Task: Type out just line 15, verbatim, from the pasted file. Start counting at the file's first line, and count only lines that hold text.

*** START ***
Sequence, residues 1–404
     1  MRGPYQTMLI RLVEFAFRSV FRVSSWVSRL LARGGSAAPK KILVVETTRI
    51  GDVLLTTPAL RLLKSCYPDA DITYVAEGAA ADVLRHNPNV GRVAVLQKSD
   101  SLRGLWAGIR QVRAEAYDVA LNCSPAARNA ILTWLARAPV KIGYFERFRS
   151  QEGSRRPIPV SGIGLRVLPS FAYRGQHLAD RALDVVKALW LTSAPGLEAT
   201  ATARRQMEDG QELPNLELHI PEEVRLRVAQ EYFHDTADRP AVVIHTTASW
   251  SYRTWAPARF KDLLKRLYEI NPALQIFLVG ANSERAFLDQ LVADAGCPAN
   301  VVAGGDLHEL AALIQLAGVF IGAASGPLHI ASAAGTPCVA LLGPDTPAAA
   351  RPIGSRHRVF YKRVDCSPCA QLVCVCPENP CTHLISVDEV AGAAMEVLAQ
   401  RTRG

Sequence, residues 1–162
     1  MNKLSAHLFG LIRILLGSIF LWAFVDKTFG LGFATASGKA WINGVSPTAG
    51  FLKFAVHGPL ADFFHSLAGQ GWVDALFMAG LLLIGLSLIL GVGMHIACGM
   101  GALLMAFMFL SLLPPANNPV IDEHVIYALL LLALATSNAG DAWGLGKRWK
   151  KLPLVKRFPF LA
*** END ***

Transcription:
   151  KLPLVKRFPF LA